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The battery is located under the unit (instead of at the back). This is good and bad – I’ve always hated how my extended batteries stick out the back because it makes them a pain to stick in a bag. I’ve always loved how my extended batteries stick out because it gives me something to hold when you’re walking around. I ordered my X300 with an extended battery. It sticks out a tiny bit on the bottom. I’m guessing the smaller one is flush.

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Underneath there are no important ventilation holes so you can leave the X300 on a bed all day and it won’t overheat. There are some small holes that allow you to drain coffee out in case you spill it on your X300.

The T series are known to be tanks. Underneath their body shells are very solid metal frames which can take a beating. The X300 feels just as solid despite being so light.

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Thinkpads are known for their awesome keyboards and the X300 maintains this heritage. The keyboard has an excellent feel to it. The keys are full sized and have the right amount of travel to them.

I was a little surprised to find out the X300′s keyboard has certain keys which light up. Specifically the power button, caps lock, Thinkvantage button (the blue button) and the mute button. Light up buttons are cool but what about the rest of the keys? If it’s too dark, you can press the function key and the <top right button> to activate a LED on the top part of the screen lid. It’s not the prettiest but it will light up the keyboard enough to see what your typing when its dark.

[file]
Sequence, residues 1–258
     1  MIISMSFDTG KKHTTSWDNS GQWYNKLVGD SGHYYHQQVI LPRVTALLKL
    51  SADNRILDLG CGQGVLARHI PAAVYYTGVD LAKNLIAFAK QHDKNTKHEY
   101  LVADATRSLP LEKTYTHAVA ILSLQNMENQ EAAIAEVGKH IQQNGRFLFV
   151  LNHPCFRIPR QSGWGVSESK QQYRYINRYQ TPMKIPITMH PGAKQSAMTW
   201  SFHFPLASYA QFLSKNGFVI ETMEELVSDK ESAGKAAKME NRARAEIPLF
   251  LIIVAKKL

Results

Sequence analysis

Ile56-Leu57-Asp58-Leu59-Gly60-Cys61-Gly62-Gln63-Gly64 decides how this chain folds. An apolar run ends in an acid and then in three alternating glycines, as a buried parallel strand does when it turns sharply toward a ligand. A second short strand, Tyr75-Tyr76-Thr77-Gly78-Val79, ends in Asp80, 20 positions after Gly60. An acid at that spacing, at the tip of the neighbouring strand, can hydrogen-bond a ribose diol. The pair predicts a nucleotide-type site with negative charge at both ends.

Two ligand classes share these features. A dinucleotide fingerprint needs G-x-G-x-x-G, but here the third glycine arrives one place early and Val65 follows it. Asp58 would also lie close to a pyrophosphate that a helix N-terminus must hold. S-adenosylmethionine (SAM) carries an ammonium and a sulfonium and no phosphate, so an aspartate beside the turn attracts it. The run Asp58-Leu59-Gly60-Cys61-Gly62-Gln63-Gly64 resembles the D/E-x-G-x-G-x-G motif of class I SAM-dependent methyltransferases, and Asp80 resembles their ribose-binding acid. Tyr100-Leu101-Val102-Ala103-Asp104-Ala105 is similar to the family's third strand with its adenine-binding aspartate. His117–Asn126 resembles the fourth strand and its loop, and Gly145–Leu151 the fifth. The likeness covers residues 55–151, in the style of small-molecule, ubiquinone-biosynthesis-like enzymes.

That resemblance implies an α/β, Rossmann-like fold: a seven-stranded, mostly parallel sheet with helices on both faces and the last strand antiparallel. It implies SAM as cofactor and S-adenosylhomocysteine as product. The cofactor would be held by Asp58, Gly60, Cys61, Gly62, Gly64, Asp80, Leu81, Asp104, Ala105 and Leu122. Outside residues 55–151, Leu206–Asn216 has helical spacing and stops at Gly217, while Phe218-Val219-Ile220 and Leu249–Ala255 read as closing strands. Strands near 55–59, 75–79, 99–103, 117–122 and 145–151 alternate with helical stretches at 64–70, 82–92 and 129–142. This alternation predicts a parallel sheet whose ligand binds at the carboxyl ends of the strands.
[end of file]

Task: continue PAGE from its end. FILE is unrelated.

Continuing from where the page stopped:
The trackpoint is pretty much the same as on my T41 and T60. It still drift occasionally but I love the trackpoint because you can use it to scroll by pressing the middle button (I think it’s called an UltraNav). The touchpad is almost flush with the rest of the wrist wrest.

As I mentioned before, the screen measures 13.3″, has a resolution of 1440×900 (most 13.3″ laptops have a resolution of 1280×800) and is backlit with LED’s instead of CCFL’s like most screens. It has a matte finish and isn’t reflective like a lot of other laptops. LED’s are supposed to be brighter and use less power.

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Compared to my T60, the X300 is noticeably brighter. Both are plugged in and set at maximum brightness. Don’t pay attention to the colour accuracy in the picture.

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The screen lid has two latches to stay shut. The switch you slide to open the laptop is located on the lower part, instead of being part of the screen.

You get two speakers which are located on top of the wrist rest. They’re not super loud but they don’t suck either.

If you’re right handed and use a wired mouse, it will pain you to hear that there are no USB ports on the right side of the device. There are two on the left and one on the back.

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I normally carry my Thinkpads in either two ways. I leave it open and carry it with my finger, cradling it underneath and my thumb on the top left corner of the keyboard.